ROWLAND: They’ve changed that definition, that's the first point, but the second point is over time I can see how small businesses would be rather annoyed that all are these other bigger businesses that are not small businesses will be receiving these benefits.

DOYLE: This initial one that we've been talking about, the Government says up to 100,000 extra small businesses will get some tax relief, so are you going to stand in the way of that?

ROWLAND: We want to see genuine small businesses get relief. Now, when you have the vast majority of small businesses being those with a turnover of $2 million or less, then I think you do need to look at where those benefits are going, and again it is a question of fairness. Now, there are other issues tied to small business in this Budget that don't look long-term at the needs of small businesses and one of those is in the instant asset write-off or the accelerated depreciation space. Now, the Government has chosen to increase, take that threshold and it has chosen to have that $20,000 taken forward another year, and we still have next year, so 1 July next year there will be this cliff, an investment cliff where it goes from $20,000 down to $1,000.

DOYLE: How do you stop that, though? Do you extend it and extend it?

ROWLAND: This is a good question. We support the instant asset write-off because we actually introduced it and Chris Bowen had it at $6,500 with a trajectory to increase it to $10,000 in line with the Henry Tax Review. We support it because as Henry recommended it is an issue of cash flow and really does assist small business. When Tony Abbott was elected he took that down to $1,000. Now, the Government in last year's Budget increased it to $20,000, but then it was supposed to drop away to $1,000. Now again, next year, 1 July next year, it goes back to down to $1,000. One of the key things that small business has been telling me is the need for certainty, certainty of investment so they can make these decisions for the long-term term.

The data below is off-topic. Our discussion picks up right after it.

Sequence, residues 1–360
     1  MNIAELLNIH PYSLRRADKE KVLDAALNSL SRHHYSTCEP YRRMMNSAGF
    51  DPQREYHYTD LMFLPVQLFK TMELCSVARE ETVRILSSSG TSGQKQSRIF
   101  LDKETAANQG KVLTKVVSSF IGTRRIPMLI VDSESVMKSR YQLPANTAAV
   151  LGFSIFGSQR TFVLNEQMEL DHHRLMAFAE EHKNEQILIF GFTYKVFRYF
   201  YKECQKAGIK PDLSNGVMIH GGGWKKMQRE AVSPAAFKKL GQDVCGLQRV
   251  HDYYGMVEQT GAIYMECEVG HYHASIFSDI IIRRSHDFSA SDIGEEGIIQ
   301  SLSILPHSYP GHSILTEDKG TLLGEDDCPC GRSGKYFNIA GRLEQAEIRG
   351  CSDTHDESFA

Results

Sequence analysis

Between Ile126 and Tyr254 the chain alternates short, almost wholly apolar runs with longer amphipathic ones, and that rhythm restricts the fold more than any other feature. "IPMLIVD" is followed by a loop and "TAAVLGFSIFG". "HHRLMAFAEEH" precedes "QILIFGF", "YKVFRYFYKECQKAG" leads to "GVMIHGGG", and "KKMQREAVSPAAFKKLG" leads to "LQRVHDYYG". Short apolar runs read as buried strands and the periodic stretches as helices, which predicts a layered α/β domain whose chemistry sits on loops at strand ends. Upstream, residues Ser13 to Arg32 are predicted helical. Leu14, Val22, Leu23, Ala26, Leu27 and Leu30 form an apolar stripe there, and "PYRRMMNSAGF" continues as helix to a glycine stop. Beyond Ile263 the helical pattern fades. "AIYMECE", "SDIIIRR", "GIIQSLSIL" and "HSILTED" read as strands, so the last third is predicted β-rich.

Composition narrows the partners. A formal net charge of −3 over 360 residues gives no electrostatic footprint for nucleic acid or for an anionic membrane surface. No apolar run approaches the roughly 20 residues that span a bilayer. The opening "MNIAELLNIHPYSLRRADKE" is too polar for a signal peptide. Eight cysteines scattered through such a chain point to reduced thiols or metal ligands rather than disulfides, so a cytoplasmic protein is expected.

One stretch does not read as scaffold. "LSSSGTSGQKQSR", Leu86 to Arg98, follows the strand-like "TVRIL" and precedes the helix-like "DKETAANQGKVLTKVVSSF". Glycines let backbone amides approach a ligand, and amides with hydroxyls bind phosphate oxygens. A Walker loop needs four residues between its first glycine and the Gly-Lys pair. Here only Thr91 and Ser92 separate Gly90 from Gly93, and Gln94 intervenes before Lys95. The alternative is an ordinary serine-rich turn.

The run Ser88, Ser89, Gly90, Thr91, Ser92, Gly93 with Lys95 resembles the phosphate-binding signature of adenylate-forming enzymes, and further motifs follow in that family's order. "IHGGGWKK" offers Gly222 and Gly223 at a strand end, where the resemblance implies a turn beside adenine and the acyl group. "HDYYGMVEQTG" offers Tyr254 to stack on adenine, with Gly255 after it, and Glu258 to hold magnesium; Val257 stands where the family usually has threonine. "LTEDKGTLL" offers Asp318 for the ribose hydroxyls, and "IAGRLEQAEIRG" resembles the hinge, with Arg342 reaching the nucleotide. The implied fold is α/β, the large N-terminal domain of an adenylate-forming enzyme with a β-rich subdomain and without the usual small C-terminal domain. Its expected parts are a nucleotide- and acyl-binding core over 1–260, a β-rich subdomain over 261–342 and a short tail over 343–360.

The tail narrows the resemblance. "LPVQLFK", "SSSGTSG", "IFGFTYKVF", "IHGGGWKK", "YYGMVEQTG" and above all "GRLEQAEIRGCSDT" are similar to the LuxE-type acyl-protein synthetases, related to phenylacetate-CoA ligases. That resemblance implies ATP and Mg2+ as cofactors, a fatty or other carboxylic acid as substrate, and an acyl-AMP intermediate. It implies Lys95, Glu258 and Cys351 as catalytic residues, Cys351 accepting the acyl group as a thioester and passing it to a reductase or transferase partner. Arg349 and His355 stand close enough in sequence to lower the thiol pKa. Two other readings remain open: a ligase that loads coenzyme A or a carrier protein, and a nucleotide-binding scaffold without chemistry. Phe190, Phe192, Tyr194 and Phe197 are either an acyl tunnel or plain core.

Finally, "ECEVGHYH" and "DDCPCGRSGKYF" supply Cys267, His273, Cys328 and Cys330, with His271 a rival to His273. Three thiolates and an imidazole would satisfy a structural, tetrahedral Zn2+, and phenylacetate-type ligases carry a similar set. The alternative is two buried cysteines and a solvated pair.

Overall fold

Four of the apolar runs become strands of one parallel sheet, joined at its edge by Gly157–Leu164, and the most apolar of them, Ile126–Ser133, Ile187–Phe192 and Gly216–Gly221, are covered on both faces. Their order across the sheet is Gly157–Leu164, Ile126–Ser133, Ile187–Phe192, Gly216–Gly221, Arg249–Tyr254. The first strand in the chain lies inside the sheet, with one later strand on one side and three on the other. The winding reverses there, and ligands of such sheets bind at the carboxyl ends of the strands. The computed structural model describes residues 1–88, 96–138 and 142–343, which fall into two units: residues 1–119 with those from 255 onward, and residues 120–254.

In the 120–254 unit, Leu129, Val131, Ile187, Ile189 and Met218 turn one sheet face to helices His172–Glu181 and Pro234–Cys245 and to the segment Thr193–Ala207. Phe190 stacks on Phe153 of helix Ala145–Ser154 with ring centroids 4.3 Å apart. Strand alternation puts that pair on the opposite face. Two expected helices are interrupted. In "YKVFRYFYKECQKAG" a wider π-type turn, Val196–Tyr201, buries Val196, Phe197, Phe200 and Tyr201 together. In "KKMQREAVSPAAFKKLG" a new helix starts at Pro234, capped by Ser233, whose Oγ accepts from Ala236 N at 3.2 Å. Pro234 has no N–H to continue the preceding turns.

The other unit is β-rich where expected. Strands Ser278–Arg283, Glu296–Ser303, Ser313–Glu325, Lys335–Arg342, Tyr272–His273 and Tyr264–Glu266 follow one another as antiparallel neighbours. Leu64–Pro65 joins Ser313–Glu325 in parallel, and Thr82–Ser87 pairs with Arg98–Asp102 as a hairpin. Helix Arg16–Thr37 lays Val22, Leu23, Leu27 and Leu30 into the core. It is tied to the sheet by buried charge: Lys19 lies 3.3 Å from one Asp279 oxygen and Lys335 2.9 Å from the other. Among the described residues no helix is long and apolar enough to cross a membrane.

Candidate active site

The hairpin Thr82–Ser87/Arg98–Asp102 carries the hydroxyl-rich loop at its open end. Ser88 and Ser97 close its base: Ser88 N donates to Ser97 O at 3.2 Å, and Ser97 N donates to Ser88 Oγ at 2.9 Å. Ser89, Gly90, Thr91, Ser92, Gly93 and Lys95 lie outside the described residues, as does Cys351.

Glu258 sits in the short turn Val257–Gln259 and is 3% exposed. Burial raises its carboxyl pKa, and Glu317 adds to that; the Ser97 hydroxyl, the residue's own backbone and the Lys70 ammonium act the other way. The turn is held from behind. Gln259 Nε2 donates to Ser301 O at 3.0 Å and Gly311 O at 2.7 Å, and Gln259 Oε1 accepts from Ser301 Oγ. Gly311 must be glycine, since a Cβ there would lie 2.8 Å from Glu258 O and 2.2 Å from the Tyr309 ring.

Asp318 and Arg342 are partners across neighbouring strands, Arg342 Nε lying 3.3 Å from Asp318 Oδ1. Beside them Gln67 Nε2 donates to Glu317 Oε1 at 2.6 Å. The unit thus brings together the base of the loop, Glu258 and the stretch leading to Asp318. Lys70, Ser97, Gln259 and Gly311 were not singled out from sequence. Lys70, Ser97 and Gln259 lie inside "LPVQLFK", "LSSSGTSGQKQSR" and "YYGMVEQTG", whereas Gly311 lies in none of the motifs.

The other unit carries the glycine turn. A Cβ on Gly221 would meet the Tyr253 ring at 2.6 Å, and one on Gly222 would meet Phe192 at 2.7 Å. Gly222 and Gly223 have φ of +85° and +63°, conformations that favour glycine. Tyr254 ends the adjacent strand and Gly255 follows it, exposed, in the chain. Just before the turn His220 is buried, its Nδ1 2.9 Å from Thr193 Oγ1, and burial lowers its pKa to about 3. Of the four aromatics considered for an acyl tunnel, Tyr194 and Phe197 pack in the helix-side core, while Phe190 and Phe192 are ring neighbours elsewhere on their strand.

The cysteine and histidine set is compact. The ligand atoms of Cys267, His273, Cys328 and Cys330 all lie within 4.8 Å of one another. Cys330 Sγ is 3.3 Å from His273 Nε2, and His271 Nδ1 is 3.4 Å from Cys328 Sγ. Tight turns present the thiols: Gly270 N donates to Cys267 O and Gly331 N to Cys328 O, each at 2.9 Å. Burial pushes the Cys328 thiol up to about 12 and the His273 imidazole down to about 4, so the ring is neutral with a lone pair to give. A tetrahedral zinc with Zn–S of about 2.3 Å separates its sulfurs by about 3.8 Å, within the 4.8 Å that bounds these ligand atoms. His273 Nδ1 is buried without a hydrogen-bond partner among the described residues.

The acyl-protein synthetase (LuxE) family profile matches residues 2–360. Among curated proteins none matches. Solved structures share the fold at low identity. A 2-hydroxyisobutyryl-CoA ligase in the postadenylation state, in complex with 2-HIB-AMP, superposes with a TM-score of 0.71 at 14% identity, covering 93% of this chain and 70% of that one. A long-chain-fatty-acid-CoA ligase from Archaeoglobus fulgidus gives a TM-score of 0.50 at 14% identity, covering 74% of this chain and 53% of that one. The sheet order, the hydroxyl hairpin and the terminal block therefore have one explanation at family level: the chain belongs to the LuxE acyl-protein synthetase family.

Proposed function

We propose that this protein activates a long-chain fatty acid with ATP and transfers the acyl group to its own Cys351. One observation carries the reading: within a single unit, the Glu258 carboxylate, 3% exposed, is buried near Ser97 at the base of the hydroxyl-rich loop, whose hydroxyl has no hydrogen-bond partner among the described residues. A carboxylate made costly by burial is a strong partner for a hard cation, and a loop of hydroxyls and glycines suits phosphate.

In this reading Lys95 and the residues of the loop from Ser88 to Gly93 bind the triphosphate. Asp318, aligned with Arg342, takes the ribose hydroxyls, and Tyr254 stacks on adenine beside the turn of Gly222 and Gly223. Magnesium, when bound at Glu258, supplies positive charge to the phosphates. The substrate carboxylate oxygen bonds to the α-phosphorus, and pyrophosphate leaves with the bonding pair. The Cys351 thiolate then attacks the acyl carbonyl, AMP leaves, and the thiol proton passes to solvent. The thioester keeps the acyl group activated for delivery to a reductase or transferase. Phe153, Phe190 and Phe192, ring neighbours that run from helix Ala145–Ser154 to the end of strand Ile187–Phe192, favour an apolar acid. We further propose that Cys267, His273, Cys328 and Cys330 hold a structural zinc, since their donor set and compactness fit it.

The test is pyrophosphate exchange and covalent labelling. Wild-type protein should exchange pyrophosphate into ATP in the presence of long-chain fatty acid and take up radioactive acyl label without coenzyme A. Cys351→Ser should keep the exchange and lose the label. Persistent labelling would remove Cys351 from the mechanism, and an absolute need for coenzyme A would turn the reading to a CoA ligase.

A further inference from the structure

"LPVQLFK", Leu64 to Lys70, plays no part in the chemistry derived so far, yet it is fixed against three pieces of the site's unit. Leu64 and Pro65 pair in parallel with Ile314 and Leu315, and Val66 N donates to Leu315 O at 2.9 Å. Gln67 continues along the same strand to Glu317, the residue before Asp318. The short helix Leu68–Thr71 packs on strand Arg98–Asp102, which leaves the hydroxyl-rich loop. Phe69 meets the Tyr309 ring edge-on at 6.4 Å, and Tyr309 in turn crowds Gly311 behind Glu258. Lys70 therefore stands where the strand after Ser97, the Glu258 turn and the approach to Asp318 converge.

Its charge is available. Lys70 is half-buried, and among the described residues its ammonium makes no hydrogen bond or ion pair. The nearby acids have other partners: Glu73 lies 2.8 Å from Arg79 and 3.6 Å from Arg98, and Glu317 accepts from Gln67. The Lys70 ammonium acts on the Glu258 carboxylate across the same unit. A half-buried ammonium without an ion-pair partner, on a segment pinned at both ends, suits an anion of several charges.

DOYLE: But they can't keep that $20,000 in place forever?

ROWLAND: I'm not suggesting that. What I'm pointing to is that this government in one area has chosen to increase the threshold for small business, but in other areas has failed to consider what the impact would be on small business over the long term.

DOYLE: Let's talk more generally about the plan then, after the first year, is to gradually lift the threshold so the reduction in company tax applies to all companies eventually. What is wrong with trying to give business some tax relief?

ROWLAND: We would support tax relief where it's sensible to do so, and we have outlined very clearly our desire on a bipartisan basis to lower that threshold, to lower that tax rate for small business, to 25 per cent. But here is the problem with this Government in this Budget, as has been recently revealed, they've got this enterprise tax plan over 10 years. They haven't even costed it. You can't have a tax plan in a Budget and not have it costed.

DOYLE: Well, they did it over the Forward Estimates over 4 years?

ROWLAND: If you are taking a 10-year plan then you need to cost it at 10 years. The Prime Minister was repeatedly asked could he put a figure on it, and he can't put a figure on it but thinks that Chris Richardson's estimate of in the vicinity of $50 billion is probably right. How can you possibly be running a budget on the basis of having such a big hole in it?